Hi Everyone!
This was such a popular post that I wanted to share another guest post about this that is new on this website!
Kylie Devi is guest posting ~ When Mental Health Providers are not Helpful ~ Please have a look and comment there, if you wish.
Hugs, Darlene


Thanks for this posting and the replies that follow! These writings come at a time that I needed to hear them. Without going into a lot of details, I have suffered from abuses(s) within the mental health field; but there have been some wonderful moments also. It is a good feeling to be validated thru someone else’s’ experiences because I was beginning to think that no one would ever listen to me in regards to the abuses I have suffered.

Anyway, it seems that everyone posting on this site are terrific individuals and I just want to thank each person for giving of themselves to speak out about their experiences with the mental health system.


Wanted to post one other thing in regards to some mental health professionals who overstep their boundaries with a patient, one of the social workers who I have recently been seeing told me one thing during our meeting in regards to obtaining a restraining order on another individual, then in the last team meeting I had the Psychologist in charge of the whole department brought up the fact about filing a restraining order and the social worker then said that I didn’t need to file for a restraining order. I had found out before this team meeting that my social worker also knew the individual that I was considering filing a restraining order on. I have since been discharged from the program by my own request; but how does one heal from something like this? I kept going to this program hoping against all hope that I would glean some helpful information; but almost at every turn there was something being said to me to help tear me down. How can I hold my head up and have hope that I will be able to overcome yet another form of abuse? It scares me; but I believe that somehow I will survive even what has recently happened.

I can’t file another complaint because another social worker told me that if I complain that “no one will help you”. So some people wonder why others with mental health symptoms do not like seeking help – maybe they have heard some horror stories and do not want to have to try out different therapies just to find one that “might” work.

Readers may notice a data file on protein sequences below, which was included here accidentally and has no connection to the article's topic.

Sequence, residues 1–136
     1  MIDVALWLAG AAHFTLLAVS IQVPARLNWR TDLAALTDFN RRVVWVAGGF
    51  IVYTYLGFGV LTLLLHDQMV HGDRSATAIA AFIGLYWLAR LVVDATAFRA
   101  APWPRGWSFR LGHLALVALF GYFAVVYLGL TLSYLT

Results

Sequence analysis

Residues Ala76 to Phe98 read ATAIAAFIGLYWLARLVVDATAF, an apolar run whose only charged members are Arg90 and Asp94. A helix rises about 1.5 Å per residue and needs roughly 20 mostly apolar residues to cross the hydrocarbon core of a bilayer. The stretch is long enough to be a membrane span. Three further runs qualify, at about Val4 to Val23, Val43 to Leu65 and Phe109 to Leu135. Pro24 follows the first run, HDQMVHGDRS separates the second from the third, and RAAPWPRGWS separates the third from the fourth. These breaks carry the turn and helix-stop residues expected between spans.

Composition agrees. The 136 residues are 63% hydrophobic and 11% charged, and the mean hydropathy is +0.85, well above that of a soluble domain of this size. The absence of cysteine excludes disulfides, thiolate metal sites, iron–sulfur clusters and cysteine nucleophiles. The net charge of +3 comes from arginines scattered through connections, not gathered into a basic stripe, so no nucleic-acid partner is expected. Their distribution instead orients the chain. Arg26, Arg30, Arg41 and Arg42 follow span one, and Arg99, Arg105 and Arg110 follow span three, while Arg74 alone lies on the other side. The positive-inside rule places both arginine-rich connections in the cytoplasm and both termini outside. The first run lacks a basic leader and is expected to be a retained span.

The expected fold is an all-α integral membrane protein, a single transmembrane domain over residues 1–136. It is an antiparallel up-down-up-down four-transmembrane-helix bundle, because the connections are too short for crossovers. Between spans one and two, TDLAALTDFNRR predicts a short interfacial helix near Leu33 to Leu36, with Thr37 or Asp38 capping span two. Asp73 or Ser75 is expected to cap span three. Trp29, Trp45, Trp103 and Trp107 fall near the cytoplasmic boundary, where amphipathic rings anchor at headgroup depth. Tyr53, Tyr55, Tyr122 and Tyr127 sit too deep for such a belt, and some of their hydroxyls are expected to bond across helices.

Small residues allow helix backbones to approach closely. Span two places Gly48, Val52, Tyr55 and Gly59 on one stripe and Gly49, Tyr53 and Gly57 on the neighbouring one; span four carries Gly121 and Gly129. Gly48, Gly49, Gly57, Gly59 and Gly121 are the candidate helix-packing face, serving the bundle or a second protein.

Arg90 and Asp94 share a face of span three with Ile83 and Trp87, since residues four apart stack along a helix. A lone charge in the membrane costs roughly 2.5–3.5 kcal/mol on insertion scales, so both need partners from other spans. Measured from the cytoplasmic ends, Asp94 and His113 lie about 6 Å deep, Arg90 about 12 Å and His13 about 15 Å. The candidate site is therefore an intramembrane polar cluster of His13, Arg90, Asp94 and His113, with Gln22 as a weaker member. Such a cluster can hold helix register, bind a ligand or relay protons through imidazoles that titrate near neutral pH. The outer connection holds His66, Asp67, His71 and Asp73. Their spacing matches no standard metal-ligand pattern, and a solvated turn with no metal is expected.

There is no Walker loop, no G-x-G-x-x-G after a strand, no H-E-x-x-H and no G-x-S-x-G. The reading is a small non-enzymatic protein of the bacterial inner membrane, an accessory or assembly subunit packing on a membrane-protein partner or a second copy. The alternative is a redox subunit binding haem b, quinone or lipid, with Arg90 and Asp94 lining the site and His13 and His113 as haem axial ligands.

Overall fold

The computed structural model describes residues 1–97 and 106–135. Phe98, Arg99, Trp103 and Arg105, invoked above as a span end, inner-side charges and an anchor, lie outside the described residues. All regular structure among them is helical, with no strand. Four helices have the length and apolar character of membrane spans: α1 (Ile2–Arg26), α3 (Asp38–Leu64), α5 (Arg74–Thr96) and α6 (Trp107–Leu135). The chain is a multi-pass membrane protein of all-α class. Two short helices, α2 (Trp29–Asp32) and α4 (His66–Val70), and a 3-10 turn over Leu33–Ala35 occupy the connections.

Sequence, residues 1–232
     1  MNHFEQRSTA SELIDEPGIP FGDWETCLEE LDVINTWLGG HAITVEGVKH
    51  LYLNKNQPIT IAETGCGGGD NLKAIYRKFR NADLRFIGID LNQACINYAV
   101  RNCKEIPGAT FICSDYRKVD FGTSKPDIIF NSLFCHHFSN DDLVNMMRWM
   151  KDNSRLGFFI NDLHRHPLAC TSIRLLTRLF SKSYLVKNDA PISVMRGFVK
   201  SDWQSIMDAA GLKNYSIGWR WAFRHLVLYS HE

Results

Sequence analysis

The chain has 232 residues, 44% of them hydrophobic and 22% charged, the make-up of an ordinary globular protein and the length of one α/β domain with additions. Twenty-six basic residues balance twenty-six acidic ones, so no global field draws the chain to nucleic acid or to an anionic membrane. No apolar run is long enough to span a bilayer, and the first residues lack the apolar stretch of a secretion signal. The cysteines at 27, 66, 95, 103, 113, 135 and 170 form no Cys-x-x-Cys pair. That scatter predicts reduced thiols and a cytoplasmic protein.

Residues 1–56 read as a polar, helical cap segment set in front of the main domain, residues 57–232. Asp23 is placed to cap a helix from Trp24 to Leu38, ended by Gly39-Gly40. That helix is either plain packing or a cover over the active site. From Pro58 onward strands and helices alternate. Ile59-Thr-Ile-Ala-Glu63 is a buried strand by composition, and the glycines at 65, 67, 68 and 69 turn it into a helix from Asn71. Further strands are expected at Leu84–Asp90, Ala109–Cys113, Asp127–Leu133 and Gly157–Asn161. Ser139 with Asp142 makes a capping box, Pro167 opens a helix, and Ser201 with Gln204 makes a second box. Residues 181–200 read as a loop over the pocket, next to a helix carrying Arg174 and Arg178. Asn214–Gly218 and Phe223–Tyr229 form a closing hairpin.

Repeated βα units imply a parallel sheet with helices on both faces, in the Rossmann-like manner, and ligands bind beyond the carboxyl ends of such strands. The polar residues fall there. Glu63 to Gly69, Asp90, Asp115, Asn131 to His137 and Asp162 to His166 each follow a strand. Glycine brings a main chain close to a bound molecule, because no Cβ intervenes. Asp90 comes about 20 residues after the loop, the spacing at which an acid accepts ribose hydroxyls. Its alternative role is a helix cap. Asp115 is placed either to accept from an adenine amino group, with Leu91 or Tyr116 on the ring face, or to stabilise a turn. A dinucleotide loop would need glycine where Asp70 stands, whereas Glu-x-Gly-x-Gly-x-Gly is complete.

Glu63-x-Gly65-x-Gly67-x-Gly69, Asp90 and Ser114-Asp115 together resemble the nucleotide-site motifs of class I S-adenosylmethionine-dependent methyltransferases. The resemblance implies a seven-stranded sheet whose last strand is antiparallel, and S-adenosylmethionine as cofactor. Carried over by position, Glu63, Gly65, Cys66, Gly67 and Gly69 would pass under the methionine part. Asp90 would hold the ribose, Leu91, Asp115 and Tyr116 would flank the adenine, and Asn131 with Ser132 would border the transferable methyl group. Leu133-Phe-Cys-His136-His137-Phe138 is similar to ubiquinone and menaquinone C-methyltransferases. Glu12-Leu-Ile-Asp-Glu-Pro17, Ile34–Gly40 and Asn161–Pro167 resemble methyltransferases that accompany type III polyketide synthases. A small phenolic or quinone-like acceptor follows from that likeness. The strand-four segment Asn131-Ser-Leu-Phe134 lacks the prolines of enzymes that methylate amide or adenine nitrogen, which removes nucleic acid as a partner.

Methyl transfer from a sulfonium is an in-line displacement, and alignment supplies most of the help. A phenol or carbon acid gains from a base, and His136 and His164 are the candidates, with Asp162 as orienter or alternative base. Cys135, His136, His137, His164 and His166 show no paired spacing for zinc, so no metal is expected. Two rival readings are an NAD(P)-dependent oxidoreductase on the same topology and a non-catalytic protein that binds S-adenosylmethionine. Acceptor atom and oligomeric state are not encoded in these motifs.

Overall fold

It isn’t my intent to badger any type of mental health system because there are several that are pretty good; but what bothers me is that the group of individuals that I was seeing took it upon themselves to a female who happened to be raped and/or molested more than once in her lifetime. I wasn’t seeking sympathy. I just wanted to get better and lead a more productive life if at all possible.


This story is a good example of how it all works; if you file a complaint, no one will help you and that is how “they” control you. It is very devaluing and very difficult, and only you can decide if you want to fight that or not. Not all systems are bad, it is the bad manipulative and controlling people misusing their power in some of the systems that is the problem. I am really sorry that this happened to you. Healing comes from self validation. You were right, and they don’t have to admit they were wrong in order for you to overcome this. healing does not depend on resolution, it is all about your relationship with you… now having said that I do not mean to make light of it! I know that your situation is not easy!
Hugs, Darlene


i read this and wow–been there–got the same stuff–and sadly enough happened again through a spiritual healing–all causes further hurt and confusing–could go into it–but cant either–still there–once seem stuck in a “system” so to speak–mental health, spiritual, etc–there seems to be no way out–so sad when people abuse their power and further traumatize and hurt the hurting